Justice for Future “Digital Blackbeards”

Before affirming the Fourth Circuit under the Florida Prepaid framework, Kagan made it clear that Congress may very well pass a valid copyright abrogation law in the future that is properly tailored to the “congruence and proportionality” test “[e]ven while respecting constitutional limits.” As Kagan noted, “[Congress] can bring digital Blackbeards to justice.”

Justice Thomas and Justice Breyer (joined by Justice Ginsburg) issued concurring opinions with respect to the ultimate judgment, while disagreeing with certain aspects of the majority opinion.

Justice Thomas voiced skepticism as to whether Congress could in fact pass constitutionally compliant abrogation legislation. He also explained that, in the context of the present case, he would not decide whether “copyrights are property within the original meaning of the Fourteenth Amendment’s Due Process Clause.”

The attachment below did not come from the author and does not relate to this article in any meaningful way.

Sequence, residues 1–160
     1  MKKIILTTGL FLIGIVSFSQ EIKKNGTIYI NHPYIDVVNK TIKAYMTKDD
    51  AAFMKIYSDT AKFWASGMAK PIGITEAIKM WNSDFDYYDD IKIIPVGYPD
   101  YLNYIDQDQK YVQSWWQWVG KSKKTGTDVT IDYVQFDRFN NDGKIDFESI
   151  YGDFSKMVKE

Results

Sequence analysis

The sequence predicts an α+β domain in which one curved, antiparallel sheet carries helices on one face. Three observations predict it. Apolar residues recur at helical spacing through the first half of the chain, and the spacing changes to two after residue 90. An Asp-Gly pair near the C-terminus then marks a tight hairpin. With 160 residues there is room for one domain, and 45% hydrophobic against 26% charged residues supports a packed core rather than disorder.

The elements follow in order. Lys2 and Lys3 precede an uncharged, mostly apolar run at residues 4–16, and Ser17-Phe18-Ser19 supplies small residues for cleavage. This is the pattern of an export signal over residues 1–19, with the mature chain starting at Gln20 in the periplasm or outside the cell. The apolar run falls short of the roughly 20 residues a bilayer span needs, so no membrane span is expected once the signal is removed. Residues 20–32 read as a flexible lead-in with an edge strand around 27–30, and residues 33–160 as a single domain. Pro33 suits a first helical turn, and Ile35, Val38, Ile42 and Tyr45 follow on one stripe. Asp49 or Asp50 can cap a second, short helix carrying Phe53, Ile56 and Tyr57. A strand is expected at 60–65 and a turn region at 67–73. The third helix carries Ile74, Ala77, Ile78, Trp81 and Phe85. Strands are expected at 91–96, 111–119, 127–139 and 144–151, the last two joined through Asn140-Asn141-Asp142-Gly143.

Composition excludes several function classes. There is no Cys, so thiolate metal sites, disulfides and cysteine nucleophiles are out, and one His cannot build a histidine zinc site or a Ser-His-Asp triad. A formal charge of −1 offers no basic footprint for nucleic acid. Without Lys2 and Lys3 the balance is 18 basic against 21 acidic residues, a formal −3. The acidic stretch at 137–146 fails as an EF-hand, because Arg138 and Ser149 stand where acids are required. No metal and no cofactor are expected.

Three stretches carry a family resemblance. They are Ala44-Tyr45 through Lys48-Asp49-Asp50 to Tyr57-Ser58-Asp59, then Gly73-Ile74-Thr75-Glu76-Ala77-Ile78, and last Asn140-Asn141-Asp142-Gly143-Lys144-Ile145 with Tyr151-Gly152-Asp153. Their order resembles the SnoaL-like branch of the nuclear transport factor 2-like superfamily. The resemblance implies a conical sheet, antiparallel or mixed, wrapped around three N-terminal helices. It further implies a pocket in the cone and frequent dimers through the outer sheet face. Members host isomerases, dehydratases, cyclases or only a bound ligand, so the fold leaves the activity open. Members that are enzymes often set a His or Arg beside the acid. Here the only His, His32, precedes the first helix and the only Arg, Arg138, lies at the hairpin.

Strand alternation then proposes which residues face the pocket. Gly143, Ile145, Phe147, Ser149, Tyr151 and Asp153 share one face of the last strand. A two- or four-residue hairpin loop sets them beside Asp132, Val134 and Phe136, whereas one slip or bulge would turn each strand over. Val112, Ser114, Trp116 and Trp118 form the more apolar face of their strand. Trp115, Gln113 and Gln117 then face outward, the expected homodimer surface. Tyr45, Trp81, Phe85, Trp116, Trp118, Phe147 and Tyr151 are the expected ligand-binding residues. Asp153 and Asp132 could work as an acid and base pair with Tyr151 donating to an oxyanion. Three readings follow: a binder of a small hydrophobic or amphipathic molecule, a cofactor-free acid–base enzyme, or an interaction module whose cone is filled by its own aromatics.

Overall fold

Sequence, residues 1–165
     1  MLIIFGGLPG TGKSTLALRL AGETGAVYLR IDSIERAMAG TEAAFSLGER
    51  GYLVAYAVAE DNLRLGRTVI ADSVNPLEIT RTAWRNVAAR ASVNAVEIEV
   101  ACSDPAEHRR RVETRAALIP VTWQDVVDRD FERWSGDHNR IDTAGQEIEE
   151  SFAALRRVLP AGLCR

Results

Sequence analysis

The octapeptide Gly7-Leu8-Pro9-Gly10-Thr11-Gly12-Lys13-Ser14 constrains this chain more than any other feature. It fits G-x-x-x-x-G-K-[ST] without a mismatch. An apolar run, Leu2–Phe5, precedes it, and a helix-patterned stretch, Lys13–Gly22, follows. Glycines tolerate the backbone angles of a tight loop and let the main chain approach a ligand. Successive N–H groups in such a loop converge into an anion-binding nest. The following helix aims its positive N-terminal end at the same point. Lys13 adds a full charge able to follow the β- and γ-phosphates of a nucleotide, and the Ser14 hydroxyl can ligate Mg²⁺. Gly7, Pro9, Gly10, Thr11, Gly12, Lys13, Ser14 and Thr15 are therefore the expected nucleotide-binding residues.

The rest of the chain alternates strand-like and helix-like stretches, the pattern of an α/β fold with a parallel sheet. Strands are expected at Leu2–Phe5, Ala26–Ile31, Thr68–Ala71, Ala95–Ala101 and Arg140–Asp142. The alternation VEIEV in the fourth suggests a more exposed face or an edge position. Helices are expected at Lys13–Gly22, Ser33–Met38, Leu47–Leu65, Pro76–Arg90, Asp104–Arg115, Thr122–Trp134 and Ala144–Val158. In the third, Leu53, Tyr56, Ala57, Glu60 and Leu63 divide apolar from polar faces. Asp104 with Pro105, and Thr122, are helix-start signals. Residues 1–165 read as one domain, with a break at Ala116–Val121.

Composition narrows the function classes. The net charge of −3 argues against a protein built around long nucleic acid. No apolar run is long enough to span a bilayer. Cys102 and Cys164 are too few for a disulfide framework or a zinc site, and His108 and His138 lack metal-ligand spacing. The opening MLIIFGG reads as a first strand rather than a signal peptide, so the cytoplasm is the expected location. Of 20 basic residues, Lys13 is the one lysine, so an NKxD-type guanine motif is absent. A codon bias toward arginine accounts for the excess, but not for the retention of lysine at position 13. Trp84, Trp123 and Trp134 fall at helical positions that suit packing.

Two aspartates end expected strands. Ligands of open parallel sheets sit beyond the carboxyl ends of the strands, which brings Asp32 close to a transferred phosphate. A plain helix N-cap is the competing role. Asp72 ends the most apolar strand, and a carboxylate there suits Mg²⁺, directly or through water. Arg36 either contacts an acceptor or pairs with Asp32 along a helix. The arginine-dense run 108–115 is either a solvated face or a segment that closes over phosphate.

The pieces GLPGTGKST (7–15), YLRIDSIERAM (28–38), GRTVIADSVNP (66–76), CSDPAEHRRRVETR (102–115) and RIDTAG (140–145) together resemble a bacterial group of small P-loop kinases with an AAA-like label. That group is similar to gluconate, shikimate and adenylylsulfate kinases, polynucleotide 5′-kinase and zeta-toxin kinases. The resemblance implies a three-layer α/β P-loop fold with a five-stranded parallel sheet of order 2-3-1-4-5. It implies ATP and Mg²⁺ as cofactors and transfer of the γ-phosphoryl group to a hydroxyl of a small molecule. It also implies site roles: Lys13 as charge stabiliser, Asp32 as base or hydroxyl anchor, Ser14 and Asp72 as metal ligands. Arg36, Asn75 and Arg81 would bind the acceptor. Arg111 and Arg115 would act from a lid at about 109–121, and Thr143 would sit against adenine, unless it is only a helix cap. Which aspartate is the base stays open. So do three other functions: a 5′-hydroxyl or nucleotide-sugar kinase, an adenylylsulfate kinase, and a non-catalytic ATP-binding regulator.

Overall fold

Justice Breyer concurred that under the Supreme Court’s Florida Prepaid decision, the judgment here is correct, but voiced disagreement with the notion that “[t]o subject nonconsenting States to private suits for copyright or patent infringement . . . Congress must endeavor to pass a more “tailored statute” than the one before us, relying not on the Intellectual Property Clause, but on §5 of the Fourteenth Amendment.”